Marcel Janco and the Dances at the Cabaret Voltaire

Rumanian artist Marcel Janco created masks for the performances at the Cabaret Voltaire.  Hugo Ball described the impact of these masks and the dances that they inspired in his diary:

   Janco has made a number of masks for the new show, which bear the marks of something more than talent.  They recall the Japanese or Ancient Greek theatre, and yet they are wholly modern.  They are designed to make their effect at a distance, and in a relatively small space of the cabaret the result is astonishing.  We were all there when Janco arrived with the masks, and each of us put one on.  The effect was strange.  Not only did each mask seem to demand the appropriate costume; it also called for a quite different set of gestures, melodramatic and even closer to madness.  Although five minutes earlier none of us had had the remotest idea of what was to happen, we were soon draped and festooned with the most unlikely objects, making the most outlandish movements, each out-inventing the other.  The dynamism of the masks was coirrestible.  In one moment we were aware of the great importance of such masks in mime and drama.  The masks simply demanded that their wearers should start up a tragico-absurd dance.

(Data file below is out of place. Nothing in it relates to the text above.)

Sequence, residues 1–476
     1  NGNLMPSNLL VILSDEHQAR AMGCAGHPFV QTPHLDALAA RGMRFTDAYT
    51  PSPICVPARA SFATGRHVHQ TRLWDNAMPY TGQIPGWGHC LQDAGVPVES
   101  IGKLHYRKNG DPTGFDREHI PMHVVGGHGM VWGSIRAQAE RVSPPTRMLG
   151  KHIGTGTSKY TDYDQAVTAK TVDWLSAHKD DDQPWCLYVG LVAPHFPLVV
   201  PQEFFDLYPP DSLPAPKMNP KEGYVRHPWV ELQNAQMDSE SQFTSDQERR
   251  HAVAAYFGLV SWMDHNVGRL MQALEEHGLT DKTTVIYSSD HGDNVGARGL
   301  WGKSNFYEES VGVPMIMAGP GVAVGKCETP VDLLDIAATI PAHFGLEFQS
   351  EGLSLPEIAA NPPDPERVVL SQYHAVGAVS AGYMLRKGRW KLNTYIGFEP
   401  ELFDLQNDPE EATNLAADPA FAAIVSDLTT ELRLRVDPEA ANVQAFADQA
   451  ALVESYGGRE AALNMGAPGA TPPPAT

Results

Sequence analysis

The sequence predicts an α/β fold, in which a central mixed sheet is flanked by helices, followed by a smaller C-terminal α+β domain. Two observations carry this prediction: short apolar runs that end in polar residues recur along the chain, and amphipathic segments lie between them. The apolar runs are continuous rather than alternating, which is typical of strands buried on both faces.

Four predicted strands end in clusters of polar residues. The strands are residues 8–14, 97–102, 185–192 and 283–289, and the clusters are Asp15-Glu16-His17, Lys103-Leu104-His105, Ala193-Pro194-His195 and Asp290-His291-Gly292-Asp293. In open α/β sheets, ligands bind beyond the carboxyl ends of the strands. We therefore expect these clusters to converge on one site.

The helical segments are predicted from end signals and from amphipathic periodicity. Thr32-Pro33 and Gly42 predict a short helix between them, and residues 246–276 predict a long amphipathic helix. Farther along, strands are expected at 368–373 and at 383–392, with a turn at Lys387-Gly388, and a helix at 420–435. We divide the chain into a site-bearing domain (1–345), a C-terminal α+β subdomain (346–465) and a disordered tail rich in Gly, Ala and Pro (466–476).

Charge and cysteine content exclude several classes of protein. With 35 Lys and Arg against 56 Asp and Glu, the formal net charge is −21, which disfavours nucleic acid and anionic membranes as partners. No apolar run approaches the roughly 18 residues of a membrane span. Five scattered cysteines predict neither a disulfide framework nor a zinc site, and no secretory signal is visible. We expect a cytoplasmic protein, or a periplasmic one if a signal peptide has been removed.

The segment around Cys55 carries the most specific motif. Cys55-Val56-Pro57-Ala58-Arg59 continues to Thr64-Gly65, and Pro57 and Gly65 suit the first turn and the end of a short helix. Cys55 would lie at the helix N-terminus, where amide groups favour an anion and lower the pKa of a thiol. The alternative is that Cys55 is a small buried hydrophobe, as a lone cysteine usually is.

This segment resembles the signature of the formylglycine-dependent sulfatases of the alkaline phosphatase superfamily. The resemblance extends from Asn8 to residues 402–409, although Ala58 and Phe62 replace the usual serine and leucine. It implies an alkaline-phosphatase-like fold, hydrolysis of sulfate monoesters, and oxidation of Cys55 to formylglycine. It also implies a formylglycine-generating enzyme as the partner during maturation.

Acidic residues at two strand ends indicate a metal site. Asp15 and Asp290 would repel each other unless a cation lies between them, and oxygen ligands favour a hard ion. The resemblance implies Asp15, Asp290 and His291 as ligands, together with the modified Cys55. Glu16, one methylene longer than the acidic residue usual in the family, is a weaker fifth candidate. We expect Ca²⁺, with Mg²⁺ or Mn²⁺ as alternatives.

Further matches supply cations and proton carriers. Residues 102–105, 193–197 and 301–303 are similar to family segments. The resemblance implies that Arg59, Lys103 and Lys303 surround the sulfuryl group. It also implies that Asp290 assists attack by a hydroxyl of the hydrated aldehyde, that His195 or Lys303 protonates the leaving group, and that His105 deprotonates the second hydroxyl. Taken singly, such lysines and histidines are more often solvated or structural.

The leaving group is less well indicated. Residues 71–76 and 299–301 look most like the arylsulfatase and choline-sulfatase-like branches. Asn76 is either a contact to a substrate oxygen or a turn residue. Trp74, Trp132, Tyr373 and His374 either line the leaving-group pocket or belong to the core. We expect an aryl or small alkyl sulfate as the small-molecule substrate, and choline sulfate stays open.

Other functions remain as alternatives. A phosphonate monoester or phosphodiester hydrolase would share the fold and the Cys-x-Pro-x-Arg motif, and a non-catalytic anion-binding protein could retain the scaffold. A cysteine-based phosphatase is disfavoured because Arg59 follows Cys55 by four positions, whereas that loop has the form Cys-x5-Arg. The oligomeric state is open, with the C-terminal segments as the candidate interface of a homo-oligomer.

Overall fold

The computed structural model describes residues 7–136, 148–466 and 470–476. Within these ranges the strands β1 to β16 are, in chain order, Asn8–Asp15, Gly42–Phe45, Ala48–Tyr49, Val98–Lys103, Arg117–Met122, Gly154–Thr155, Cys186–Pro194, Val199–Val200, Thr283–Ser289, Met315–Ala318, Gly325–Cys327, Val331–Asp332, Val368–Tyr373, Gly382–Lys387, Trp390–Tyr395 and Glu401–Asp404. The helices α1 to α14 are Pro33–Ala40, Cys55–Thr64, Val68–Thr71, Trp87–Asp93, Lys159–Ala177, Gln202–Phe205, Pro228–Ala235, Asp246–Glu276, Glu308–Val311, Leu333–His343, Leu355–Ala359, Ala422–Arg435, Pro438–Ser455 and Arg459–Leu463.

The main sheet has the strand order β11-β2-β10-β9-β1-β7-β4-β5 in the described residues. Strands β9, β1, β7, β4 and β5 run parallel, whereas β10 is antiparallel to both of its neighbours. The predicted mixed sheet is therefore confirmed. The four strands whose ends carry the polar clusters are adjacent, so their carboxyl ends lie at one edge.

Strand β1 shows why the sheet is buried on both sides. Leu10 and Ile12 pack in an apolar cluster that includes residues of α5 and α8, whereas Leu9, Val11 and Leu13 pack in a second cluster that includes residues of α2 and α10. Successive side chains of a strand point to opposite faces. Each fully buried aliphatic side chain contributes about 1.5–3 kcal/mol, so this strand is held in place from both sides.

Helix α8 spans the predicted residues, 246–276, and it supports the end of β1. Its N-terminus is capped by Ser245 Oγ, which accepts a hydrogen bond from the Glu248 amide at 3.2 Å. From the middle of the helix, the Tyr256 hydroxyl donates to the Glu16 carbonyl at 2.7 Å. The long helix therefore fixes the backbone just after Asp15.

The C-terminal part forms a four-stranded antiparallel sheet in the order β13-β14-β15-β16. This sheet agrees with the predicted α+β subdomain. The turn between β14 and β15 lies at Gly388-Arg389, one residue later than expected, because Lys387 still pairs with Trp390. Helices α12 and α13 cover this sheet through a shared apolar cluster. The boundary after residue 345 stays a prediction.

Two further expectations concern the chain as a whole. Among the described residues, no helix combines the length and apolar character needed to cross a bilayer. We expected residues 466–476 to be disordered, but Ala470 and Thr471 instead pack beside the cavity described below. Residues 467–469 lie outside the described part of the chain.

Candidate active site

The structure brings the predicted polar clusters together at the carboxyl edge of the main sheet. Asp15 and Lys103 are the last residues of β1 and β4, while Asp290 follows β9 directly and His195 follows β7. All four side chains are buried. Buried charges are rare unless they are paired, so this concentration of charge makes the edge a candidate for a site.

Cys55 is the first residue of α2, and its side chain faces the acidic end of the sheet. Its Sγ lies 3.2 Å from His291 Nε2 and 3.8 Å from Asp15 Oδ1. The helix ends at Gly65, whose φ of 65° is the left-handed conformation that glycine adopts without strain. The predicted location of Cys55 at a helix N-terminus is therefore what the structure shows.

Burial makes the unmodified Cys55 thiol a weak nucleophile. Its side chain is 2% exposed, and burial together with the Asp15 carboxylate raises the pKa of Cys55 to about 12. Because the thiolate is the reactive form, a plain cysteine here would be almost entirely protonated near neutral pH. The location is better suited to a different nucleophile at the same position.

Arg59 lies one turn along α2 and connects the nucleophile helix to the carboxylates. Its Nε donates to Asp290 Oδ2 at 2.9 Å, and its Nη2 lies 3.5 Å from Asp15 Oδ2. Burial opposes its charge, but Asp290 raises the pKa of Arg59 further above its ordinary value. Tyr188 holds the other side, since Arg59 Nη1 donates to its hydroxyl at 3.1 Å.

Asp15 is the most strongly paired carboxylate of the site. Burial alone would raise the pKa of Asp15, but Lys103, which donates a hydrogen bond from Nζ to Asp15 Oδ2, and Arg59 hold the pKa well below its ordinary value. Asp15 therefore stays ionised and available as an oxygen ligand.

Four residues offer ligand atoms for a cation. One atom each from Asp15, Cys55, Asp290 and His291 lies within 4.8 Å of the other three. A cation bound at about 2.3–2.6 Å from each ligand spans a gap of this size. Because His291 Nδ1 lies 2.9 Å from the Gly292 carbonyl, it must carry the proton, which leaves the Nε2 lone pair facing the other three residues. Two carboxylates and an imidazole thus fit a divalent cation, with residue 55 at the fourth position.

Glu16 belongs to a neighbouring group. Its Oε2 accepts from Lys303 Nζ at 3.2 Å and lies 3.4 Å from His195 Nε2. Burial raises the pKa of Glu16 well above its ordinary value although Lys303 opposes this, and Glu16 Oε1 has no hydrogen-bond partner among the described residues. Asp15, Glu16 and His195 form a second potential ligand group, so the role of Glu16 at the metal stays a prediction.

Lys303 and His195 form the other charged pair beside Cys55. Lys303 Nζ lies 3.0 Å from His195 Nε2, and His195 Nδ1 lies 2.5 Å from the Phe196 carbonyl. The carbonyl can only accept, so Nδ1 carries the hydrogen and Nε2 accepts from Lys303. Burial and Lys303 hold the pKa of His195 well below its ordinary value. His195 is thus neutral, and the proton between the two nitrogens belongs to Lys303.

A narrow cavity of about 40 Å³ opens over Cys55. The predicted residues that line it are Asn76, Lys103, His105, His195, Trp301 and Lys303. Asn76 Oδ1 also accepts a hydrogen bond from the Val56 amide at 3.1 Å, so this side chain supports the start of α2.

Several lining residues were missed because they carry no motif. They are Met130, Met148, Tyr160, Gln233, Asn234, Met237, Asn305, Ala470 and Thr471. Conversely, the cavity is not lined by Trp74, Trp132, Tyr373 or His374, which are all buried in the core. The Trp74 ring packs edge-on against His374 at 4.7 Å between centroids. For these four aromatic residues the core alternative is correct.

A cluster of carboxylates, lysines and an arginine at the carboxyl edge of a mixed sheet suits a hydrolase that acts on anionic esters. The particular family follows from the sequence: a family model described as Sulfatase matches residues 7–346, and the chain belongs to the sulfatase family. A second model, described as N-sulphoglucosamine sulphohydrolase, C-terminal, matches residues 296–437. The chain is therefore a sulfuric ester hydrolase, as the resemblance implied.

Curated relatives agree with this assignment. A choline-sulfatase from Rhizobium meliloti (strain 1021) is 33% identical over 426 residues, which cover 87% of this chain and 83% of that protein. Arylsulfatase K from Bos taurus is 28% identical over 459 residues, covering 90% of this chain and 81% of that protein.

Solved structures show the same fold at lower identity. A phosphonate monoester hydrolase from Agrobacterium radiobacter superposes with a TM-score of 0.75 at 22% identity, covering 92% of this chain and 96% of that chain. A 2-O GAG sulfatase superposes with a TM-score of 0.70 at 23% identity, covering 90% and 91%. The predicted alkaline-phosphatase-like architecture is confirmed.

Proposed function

We now took a closer look at the objects in question, which were cardboard cut-outs painted and glued.  Then, inspired by their Protean individuality, "we invented a number of dances, for each of which I improvised on the spot a short piece of music.  One of the dances we called `Flycatching'.  This particular mask went with clumsy, tentative steps, long-armed snatching gestures and nervous, shrill music.  The second dance we called ‘Cauchemar' [French for nightmare].  The dancer unfolds from a stooping posture, at the same time moving straight forward.  Her mask has a wide open mouth and a broad twisted nose.  The performer's arms, menacingly raised, are lengthened by means of special tubes. . . .

   What fascinates us about these masks is that they represent, not humanity, but characters and emotions that are larger than life.  The paralysing horror which is the backcloth of our age is visible.

     Quoted in Hans Richter, Dada: Art and Anti-Art (New York: Oxford University Press, 1965), p. 23.